A prominent charter school operator in Nashville has abandoned an effort to open two additional sites. The plan from LEAD Public Schools was rejected this summer by the Metro school board.
LEAD had the option to appeal to the state level or could have modified its application to open a high school in North Nashville and an elementary near Antioch. Instead, charter leaders have withdrawn the proposal, saying they want to reevaluate their expansion plans.
The school board, which has become increasingly resistant to the aggressive growth plans of charters, questioned whether LEAD had the expertise to run an elementary school. District officials also pointed out that LEAD's *high school still has very little experience working with the city's immigrants.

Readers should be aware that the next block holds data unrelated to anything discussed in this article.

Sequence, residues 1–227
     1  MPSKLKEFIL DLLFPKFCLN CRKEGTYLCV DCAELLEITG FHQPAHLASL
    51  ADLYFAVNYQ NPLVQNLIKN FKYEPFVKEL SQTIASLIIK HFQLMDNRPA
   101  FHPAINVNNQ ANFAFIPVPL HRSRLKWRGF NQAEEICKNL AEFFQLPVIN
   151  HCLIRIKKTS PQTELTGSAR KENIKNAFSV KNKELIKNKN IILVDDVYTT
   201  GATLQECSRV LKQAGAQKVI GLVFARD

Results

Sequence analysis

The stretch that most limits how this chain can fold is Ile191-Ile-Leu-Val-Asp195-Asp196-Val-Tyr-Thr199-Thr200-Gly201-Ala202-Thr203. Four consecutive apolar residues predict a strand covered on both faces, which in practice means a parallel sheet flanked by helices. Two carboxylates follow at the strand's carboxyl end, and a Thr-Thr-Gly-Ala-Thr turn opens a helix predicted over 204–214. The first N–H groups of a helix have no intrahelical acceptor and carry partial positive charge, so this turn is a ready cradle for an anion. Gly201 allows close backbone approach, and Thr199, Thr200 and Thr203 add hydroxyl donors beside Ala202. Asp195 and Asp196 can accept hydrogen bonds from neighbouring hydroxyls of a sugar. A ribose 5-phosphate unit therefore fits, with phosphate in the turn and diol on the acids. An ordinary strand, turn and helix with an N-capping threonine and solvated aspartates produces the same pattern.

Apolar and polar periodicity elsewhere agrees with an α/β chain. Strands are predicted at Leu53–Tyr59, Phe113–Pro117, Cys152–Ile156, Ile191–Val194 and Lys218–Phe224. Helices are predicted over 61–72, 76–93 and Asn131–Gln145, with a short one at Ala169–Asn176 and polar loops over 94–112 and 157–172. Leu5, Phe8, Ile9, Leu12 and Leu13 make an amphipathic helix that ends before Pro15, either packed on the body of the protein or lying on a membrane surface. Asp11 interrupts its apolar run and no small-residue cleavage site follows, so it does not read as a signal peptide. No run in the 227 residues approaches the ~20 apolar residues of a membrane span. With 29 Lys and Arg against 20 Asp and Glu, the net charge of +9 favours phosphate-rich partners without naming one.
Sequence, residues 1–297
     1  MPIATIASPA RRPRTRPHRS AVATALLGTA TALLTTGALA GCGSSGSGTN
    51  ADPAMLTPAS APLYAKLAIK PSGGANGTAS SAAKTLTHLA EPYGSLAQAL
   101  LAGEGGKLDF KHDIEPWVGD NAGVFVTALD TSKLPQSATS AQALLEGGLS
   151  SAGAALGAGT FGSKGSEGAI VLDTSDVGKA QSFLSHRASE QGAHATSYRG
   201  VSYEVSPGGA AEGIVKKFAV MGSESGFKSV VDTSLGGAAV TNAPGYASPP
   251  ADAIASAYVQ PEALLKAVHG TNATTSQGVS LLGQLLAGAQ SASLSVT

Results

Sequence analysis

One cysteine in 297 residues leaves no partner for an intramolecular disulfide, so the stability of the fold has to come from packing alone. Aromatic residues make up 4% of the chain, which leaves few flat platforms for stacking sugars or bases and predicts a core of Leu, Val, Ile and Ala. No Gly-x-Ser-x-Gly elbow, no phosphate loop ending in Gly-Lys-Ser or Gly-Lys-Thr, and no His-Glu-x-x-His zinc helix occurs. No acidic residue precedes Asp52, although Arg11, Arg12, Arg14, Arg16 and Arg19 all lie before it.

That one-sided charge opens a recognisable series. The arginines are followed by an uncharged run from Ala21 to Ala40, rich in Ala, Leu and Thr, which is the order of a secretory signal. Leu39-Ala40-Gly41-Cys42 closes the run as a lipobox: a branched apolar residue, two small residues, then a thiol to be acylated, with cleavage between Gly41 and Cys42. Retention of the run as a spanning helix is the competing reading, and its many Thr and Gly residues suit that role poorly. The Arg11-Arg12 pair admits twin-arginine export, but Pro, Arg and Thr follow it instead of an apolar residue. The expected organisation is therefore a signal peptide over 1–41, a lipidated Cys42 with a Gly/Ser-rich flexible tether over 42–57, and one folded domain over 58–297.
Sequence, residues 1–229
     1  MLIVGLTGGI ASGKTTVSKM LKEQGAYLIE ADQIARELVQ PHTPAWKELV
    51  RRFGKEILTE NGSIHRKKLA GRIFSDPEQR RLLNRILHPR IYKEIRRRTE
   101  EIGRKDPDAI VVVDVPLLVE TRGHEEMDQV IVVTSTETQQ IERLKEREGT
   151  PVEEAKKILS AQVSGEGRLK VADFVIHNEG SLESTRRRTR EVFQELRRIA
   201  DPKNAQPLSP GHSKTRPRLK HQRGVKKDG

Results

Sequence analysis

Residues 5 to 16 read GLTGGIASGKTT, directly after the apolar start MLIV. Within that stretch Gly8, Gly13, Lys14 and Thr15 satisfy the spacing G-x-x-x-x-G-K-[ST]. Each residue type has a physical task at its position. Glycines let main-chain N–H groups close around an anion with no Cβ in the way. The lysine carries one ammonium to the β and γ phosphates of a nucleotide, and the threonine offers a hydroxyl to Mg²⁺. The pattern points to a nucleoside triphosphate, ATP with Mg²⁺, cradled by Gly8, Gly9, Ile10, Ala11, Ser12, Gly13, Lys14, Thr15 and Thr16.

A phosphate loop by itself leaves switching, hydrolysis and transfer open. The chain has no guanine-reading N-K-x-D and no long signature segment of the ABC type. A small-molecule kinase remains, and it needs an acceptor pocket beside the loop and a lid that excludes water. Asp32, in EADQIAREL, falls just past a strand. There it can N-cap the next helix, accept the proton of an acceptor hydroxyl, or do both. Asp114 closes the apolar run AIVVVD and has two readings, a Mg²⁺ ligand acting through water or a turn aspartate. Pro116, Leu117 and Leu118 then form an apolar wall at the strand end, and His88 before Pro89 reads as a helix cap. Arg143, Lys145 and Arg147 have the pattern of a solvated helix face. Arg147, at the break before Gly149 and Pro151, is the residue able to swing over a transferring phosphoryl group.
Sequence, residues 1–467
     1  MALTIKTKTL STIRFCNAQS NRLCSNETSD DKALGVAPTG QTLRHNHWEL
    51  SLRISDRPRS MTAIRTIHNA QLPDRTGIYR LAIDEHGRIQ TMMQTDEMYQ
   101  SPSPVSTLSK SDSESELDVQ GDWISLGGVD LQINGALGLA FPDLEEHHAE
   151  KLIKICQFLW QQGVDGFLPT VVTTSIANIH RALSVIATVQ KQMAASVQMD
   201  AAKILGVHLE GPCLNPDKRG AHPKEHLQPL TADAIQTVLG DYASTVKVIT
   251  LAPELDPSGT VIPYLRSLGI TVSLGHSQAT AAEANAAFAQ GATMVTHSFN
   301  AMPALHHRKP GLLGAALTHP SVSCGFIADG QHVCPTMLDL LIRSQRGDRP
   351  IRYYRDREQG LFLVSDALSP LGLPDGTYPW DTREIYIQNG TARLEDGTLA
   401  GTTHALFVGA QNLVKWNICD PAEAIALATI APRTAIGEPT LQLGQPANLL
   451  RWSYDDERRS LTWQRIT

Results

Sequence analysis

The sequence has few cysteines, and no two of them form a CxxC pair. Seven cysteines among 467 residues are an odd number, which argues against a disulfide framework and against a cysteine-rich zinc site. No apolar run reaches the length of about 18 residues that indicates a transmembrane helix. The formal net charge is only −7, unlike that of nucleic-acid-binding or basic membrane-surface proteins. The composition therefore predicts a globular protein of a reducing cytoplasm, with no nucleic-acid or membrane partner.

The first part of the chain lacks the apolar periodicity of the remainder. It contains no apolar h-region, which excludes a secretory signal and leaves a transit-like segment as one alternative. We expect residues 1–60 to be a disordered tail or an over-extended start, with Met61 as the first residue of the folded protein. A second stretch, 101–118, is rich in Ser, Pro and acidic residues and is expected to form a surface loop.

Weeks after the school board turned down LEAD, the charter operator's CEO resigned without notice just a few days before the start of the semester.
A statement from the interim CEO says the organization is looking for ways to improve its relationship with the school board.
“We believe the natural evolution of every high-performing organization is to evaluate our growth strategy and quality of all of our schools; and to identify how we can best model partnerships with our authorizers,” board chair and interim CEO Dwayne Tucker said in a statement.
*This sentence has been revised for accuracy since LEAD's middle schools have sizeable numbers of immigrant students.